McLaren announce BP/Castrol as fuel supplier
After Exxon/Mobil switched to Red Bull, McLaren have signed BP/Castrol as a partner. (Image Credit; McLaren)

McLaren announce BP/Castrol as fuel supplier

After the end of the Mobil 1 partnership, the Woking team has announced a deal that will see BP/Castrol supply the team.

jake-nichol
Jake Nichol

The McLaren  Formula 1 team has announced a deal that will see BP/Castrol supply the team with fuel and lubricants. 

After long-term supplier Exxon/Mobil decided to supply Red Bull, McLaren were left searching for a new supplier, with a deal with BP expected for some months. 

In a statement confirming the switch, McLaren Technology Group CEO Jonathan Neale said: "This agreement between McLaren, BP and Castrol is between brands who both share a long-standing and well-recognised passion for innovation in all we do."

He added, "Our McLaren-Honda team provides a global platform for Castrol to supply bespoke advanced lubricant technology."

The deal also sees BP supplying McLaren Automotive, the road car branch of the group. 

Newly installed executive director Zak Brown has muted the idea of taking McLaren back to Le Mans, and a deal with BP could influence the decision to take the manufacturer back.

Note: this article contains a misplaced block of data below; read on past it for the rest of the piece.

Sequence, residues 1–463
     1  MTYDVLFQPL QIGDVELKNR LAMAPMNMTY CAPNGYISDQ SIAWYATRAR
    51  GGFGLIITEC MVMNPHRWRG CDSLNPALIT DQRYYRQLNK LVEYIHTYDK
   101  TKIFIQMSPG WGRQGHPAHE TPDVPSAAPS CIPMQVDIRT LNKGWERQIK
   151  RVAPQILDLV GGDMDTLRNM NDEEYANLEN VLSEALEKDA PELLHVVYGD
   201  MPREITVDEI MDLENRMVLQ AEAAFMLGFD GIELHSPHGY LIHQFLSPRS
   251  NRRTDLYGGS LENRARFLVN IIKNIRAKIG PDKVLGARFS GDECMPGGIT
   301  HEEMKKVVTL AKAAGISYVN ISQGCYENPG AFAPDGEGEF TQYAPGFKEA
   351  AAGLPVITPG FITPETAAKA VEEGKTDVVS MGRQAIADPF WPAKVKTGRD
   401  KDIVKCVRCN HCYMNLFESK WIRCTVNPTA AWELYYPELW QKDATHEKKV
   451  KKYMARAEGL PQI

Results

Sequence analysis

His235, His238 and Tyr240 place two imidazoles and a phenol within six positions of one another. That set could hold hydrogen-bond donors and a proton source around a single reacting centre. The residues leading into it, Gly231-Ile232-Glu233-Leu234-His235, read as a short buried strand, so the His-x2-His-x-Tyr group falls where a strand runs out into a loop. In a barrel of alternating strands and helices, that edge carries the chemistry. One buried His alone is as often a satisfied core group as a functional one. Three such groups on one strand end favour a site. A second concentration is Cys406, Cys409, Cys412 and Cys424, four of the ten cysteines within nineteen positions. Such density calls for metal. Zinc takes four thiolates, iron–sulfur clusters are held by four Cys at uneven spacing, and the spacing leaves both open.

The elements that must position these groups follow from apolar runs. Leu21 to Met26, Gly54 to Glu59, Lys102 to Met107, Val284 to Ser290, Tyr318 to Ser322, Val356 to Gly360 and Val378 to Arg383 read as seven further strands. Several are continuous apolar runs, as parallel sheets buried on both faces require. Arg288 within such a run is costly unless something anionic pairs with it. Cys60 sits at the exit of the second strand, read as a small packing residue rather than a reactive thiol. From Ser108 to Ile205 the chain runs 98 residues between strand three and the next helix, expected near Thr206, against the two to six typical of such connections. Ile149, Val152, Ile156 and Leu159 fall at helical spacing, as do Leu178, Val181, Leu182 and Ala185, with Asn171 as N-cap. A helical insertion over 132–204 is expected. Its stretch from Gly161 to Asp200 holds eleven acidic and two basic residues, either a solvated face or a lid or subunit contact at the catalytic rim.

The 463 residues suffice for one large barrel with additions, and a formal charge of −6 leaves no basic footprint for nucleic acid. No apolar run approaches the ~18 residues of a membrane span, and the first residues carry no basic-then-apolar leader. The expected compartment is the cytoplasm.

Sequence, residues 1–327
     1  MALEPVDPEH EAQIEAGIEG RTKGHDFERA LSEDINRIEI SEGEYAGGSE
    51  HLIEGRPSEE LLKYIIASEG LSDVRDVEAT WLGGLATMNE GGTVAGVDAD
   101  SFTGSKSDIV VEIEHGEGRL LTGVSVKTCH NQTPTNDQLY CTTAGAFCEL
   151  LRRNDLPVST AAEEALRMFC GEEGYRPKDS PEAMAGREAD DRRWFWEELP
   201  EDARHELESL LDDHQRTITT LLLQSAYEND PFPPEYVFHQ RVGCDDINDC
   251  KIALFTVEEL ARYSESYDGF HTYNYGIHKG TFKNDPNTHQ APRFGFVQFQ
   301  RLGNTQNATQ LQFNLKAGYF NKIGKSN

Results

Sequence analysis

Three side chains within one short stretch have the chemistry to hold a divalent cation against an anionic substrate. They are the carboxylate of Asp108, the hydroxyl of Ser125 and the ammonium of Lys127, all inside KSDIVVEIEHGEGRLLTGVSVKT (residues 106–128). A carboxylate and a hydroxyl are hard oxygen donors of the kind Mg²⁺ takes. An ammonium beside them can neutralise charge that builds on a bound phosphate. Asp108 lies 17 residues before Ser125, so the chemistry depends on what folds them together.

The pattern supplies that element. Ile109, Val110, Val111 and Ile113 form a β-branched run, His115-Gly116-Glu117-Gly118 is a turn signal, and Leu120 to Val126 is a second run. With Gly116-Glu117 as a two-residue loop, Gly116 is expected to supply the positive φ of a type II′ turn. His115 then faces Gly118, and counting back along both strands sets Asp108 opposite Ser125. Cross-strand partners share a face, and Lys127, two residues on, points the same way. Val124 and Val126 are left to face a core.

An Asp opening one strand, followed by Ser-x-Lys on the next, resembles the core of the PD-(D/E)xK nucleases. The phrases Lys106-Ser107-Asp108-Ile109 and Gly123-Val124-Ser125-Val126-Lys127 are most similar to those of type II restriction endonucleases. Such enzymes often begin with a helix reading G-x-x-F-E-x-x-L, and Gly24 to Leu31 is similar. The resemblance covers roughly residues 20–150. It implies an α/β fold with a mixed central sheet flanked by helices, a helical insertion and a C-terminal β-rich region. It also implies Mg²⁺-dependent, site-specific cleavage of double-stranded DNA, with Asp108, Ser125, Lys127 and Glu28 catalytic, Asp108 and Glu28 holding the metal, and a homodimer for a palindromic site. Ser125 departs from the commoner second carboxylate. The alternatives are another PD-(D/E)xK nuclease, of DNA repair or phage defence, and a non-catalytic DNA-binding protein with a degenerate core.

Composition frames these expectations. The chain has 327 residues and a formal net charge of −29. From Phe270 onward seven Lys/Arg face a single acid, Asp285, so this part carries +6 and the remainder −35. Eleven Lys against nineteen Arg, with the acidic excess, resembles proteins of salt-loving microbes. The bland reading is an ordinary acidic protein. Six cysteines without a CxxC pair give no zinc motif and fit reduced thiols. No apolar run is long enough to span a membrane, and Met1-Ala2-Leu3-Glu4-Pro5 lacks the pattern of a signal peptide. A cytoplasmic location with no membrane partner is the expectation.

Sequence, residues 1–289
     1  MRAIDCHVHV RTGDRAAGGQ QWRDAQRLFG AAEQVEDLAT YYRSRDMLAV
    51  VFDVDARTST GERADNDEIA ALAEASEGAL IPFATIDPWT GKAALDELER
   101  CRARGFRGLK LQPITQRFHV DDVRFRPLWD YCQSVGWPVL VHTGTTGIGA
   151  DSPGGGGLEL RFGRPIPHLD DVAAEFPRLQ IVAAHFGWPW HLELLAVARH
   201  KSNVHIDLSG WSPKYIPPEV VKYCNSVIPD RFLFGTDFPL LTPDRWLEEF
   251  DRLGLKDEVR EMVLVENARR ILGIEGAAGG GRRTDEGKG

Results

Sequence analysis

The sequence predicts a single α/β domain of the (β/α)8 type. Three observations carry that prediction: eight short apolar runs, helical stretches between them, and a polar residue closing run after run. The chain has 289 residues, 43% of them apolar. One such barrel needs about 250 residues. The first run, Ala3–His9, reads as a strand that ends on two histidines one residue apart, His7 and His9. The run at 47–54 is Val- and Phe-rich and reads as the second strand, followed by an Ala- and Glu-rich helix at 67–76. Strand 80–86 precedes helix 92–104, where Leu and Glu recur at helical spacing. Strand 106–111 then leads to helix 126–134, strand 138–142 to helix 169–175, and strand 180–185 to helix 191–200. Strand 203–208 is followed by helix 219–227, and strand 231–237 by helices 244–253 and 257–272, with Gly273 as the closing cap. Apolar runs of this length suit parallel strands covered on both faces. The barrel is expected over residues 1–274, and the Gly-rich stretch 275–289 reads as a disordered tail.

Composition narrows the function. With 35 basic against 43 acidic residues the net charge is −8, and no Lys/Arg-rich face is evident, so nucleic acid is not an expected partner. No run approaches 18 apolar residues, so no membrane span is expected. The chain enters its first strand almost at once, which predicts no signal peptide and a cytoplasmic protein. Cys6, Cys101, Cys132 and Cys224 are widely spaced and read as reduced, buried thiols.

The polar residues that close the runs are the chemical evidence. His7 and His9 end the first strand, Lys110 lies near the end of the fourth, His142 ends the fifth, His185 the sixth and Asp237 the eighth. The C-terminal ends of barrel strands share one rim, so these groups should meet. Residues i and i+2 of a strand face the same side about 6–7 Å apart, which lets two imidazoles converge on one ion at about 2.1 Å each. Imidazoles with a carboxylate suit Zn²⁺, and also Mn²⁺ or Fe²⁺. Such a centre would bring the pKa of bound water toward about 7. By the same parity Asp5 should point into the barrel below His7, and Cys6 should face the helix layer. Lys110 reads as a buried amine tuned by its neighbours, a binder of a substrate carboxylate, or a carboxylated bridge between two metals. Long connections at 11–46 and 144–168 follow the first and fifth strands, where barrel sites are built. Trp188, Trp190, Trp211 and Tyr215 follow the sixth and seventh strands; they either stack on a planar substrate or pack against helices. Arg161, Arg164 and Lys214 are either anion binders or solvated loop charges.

CEO of the Automotive Branch Mike Flewitt said: "The partnership between McLaren Automotive and Castrol is an important step in our journey to deliver the highest levels of performance and efficiency from the engines in our Sports and Super car ranges.

"Not only will the lubricants provided by Castrol play a wide-ranging role in delivering the efficiencies across our existing cars, but our future engine generations as well."

Battle of the fuel suppliers

BP/Castrol has already announced a deal to supply the Renault team, who ended their association with Total at the end of the 2016 season. 

The company entering F1 will be up against tough competition, with Exxon/Mobil, Shell, Petronas and Petrobas already the established forces in the market. 

Although F1 has a single tyre supplier, the technology and pressure to win could drive the fuel suppliers to develop more power from their product, which could produce a fuel/lubricant development war, that could go in tow with the exciting aerodynamic development war that is expected in 2017.

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